I know everyone is fighting some sort of battle in their life, big or small. And, no matter what your battles are, whether they involve an illness, relationships, an addiction, an accident, or simply something in your head, they most likely are having an effect on you.
I had a conversation with a friend not long ago who was struggling with family problems. One day, she went on for a few minutes venting her frustrations and confiding in me her feelings, and then all of a sudden she stopped. She said, “I’m so sorry to go on and on about my family. I know it’s nothing compared to what you are going through.”
It didn’t take me but a second to think about her comment.
In the grand scheme of things she was absolutely correct. My husband having a rare cancer and facing mortality is a much bigger deal than her having a family squabble. That’s my perspective. However, in her world it looks like a mountain in front of her without a solution for getting to the other side, and it has been a battle.
Just because my problems may be more critical than someone else’s doesn’t mean they deserve to feel less than me. In my life right now, cancer, and the mounding stress that comes with it, is the biggest obstacle; in hers it just happens to be something else. It’s not that she has less stress, less importance, less urgency, or less anything….it simply means we all have a right to feel how we feel.
Don’t get me wrong, I’m NOT trying to get caught up in a daily gripe session about the kids not putting their shoes away or cleaning up their dishes, or any of that petty stuff. Sometimes we need to vent about those moments, but get it out, move on and keep it positive. Many times we lose sight of the blessings we have right in front of us.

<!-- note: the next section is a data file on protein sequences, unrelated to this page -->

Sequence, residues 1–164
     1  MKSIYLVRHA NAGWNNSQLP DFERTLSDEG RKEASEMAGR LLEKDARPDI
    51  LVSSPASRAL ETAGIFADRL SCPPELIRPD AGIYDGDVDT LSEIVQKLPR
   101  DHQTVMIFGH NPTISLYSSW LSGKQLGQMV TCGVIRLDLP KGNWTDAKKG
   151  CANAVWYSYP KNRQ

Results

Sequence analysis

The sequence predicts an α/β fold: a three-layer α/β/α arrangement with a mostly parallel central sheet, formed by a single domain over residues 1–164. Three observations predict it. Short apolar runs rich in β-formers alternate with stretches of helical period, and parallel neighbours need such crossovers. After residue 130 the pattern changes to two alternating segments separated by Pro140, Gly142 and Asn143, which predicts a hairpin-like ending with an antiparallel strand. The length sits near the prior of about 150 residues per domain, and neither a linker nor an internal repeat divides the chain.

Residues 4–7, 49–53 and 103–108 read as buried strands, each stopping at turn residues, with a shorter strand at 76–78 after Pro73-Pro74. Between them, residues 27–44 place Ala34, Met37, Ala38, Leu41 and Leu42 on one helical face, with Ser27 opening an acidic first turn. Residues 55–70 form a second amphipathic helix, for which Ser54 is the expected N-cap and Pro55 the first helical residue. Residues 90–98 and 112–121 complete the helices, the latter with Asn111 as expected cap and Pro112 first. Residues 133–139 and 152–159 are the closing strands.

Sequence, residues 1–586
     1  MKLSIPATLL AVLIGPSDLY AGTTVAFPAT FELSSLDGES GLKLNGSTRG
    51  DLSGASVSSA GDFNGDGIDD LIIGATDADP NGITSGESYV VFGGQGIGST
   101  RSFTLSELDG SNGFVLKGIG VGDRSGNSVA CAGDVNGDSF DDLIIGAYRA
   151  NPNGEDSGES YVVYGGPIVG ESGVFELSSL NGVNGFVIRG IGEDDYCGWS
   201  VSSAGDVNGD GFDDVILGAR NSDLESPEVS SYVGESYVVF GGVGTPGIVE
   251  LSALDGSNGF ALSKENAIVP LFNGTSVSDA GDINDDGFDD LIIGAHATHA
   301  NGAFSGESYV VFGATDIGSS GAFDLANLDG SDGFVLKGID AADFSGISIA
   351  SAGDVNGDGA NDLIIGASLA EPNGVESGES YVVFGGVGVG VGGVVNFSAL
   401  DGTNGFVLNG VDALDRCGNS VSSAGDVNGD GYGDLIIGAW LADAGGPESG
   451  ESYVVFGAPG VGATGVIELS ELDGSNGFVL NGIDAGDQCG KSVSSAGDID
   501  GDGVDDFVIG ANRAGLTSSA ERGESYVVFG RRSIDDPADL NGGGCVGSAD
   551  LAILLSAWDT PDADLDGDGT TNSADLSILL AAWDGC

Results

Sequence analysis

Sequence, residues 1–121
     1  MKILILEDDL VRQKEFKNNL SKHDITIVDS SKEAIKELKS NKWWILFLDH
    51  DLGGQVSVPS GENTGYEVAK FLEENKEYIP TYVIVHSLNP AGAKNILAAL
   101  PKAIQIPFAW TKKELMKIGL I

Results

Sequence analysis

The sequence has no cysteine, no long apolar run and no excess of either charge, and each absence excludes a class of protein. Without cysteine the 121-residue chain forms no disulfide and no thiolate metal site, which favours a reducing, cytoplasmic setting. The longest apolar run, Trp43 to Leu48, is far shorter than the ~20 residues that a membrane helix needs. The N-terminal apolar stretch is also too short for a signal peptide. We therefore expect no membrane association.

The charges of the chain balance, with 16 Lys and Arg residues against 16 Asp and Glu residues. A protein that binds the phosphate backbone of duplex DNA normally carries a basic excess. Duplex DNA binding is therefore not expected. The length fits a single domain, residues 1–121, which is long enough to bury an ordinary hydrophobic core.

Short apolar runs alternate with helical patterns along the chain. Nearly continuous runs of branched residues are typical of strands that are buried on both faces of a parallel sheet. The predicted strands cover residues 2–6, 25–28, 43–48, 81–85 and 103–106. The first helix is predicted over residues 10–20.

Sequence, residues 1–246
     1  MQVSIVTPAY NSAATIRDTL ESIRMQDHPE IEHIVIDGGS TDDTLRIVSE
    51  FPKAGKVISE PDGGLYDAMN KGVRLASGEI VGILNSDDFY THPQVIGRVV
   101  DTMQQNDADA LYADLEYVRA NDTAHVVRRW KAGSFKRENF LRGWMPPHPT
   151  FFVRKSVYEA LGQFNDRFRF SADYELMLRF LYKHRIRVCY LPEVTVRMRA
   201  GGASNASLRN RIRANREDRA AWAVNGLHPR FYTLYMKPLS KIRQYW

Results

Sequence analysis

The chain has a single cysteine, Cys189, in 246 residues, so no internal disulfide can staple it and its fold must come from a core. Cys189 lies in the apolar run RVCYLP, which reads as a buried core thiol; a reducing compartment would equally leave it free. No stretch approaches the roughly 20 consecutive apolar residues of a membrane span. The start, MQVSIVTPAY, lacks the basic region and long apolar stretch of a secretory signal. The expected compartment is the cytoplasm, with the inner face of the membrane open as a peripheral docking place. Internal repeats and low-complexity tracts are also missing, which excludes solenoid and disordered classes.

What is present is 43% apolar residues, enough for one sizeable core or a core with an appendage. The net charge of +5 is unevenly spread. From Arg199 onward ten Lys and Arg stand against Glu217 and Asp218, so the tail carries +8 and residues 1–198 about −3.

As a friend, I have an obligation to do my part in a “give and take” relationship. It’s a two way street. If I want to have a good friend, yes, I need to be a good friend in return. And, sometimes that means putting feelings and problems to the side for a moment in order to help someone else deal with theirs. Otherwise, friendships can become unhealthy for potentially both parties.
It’s OK to have one sided relationships periodically, but it’s not OK to camp out and live there. We are not obligated to assume others’ worries all the time, nor should we expect others to take on ours. We as women, and even human beings, owe it to one another to be supportive; however, we are not expected to carry their weight all the time. We all bring admirable characteristics to our friendships, or at least we should. After all, a friendship involves mutual (involving two parties) trust and support.
I think the biggest misconception people have when someone is going through a life crisis is to assume they can’t be bothered by anything or anyone. Just because we are going through something major in life doesn’t mean we don’t want to lend an ear to a friend in need. I’m not referring to making your problems an encumbrance for someone else, but simply sharing what’s going on in your life or seeking advice.
For me, helping a friend solve a problem, being concerned about others and caring about what’s going on in their corner of the world is not only my duty, but also, a welcome distraction. Stand by your friends, pick them up when they fall, have their back. If you can help someone, then help them!